Make sure the ingredient list for a dog food brand starts with a meat.Manufacturers will often try to use other ingredients, such as wheat or grain, to make the dog food heavier. However, this will make it less nutritious for your cocker.
Ignore terms like "natural" or "premium".These do not really mean anything as it applies to your dog food. Viewing the ingredients list is the best way to find high quality dog food.
Avoid foods that are harmful to dogs.In particular, stay away from foods like chocolate, grapes, onions, and candy. Some of these food can cause serious damage to a dog’s organs or maybe even cause death.
- Cockers are especially drawn to eating rich, fatty foods. These foods can cause pancreas problems, so make sure to keep them out of reach of your dog.
Feed your cocker spaniel puppy food.Puppies need to be fed differently than adult dogs. Puppy dog food is usually higher in vitamins, minerals, proteins, and fats than adult dog food.
Look for puppy food when getting food for your young cocker.This will guarantee your puppy gets the necessary vitamins and nutrients to grow up as a healthy adult dog.
- You can also get dog food that's for "all stages of life" that works for puppies as well. Verify to make sure the food is fortified with vitamins and minerals to guarantee the dog's health.
Find dog food specific for your cocker's breed.You may also find dog food that meets the unique dietary needs of a cocker spaniel. For a smaller breed like a cocker, dog food may be smaller in size and focused on meeting your dog's high metabolism. Read the labels carefully when you purchase dog food to get the right brand for you.
Feed your puppy the right amount.Give them puppy food four times a day for the first six months. After that, you should feed them only twice a day.
- Avoid overfeeding your puppy. You should be able to see your puppy's waist, but not their ribs. #*Puppies will eat as much as you give them. Follow the directions on the puppy food and only feed them during schedule times.
Feed your cocker spaniel adult dog food.When they grow up, your cocker needs to have adult food. Consider feeding them different diets, including dry food, canned food, home cooked food, raw food, or vegetarian food. It's also important to maintain a consistent schedule when feeding your cocker.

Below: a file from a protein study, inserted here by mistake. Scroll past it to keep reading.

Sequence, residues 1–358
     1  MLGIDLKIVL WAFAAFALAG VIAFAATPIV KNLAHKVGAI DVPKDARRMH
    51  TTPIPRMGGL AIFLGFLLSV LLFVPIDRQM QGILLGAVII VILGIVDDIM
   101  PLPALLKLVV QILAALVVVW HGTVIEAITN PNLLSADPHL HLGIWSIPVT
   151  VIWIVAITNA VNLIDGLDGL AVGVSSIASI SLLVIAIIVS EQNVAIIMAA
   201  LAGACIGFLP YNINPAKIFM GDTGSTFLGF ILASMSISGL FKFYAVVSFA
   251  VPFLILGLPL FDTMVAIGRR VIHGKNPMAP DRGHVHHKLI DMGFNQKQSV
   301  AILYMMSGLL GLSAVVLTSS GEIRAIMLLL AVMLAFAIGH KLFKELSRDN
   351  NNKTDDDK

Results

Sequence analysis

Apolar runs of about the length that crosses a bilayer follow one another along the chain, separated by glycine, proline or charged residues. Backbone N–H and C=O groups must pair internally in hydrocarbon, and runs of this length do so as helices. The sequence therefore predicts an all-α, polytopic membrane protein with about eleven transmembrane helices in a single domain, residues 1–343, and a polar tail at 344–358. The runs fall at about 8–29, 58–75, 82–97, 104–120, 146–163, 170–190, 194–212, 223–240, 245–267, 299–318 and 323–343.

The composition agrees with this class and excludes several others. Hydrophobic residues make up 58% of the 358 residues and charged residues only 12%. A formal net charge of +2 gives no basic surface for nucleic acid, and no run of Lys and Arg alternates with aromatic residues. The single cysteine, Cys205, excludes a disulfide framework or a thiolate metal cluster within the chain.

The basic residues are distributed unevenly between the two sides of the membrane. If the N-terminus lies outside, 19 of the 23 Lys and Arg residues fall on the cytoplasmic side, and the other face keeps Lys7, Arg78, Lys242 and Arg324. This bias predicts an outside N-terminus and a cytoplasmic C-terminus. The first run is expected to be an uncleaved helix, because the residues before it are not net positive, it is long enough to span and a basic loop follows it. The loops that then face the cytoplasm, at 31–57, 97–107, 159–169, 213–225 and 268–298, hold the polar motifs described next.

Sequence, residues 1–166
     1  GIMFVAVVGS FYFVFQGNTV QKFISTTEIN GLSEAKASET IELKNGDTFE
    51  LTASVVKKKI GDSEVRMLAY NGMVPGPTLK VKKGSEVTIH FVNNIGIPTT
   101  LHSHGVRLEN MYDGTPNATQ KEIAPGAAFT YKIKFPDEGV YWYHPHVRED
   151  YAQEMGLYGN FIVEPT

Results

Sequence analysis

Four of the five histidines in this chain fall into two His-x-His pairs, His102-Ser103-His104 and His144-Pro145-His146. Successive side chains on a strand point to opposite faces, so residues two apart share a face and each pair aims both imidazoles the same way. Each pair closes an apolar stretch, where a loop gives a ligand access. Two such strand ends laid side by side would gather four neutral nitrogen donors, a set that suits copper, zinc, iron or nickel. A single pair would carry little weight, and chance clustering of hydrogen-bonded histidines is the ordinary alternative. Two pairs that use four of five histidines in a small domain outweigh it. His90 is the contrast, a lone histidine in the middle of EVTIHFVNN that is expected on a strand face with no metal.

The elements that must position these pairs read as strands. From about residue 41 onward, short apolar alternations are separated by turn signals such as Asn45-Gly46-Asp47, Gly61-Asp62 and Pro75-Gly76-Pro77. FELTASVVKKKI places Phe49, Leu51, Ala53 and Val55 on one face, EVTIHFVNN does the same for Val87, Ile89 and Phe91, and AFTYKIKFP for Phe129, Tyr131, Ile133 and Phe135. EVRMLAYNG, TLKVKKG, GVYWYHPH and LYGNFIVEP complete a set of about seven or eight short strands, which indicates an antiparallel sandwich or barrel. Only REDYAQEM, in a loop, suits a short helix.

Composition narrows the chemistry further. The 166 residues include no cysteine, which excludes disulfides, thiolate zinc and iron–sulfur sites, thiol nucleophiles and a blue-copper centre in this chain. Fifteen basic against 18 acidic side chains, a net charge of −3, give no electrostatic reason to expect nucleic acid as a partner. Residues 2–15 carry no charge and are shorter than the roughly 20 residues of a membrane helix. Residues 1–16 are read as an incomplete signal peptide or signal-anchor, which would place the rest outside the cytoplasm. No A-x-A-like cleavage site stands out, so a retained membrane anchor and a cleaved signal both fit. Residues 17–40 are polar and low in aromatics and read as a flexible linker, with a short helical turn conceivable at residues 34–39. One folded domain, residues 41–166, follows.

- Adult cocker spaniels can eat dry food. It's the most convenient and easiest to feed them on a regular basis. Keep in mind that dry food does not manage a dog's teeth, so you'll need to clean them even if they are eating dry dog food.
- Dogs love canned dog food, since it's much more flavorful. However, there is a lot of water in canned dog food, so it does become more expensive to feed your cocker on a regular basis.
- When cooking home cooked meals, you always know what you are feeding your dog. Keeping the nutritional balance for your meal is difficult, so make sure to pay attention to your dog's nutritional needs.
- Raw food is especially expensive. If you are making raw food yourself, it can also be time consuming. Some pet food companies are beginning to make raw food diets you can buy, but it is also very expensive.
- Cockers can also eat vegetarian, though you have to make sure to give them plenty of protein in their food. You can also buy vegetarian meals in many pet stores so you don't have to make it all yourself.
Feed them on a regular schedule.Cockers need consistency to maintain a healthy diet. If they don't eat all their food in twenty minutes, take it away so they will learn to eat at a specific time rather than grazing.
Housebreaking Your Cocker Spaniel
Housebreak your cocker spaniel.Cocker spaniels are occasionally difficult to potty train. Be firm while you're housebreaking your puppy, but patient. Repetition is the best way for your cocker to become housebroken.
Anticipate when your dog may need to go the bathroom.After a nap is a common time to take your cocker outside or even after a long period of time since they have last used the bathroom.
Train your dog to go to the bathroom outside.When they need to go, repeatedly take your dog to the same spot. Eventually, they will learn to go to the bathroom in the same spot outside.
- Having a common spot to use the bathroom is useful for encouraging your cocker to make. The smell of urine in the same spot will encourage your cocker to urinate as well.
Use common phrases to get your dog to go.Things like "Go Potty" or "Do Your Business" can be triggers for dogs to know it's ok to go to the bathroom.
Clean up any accidents quickly.The smell or urine may encourage your cocker to go again. Make sure your cocker can go outside without you to avoid accidents.
- Gently scold your cocker for accidents. Don't be mean or hit the dog, but make sure they know they did a bad thing.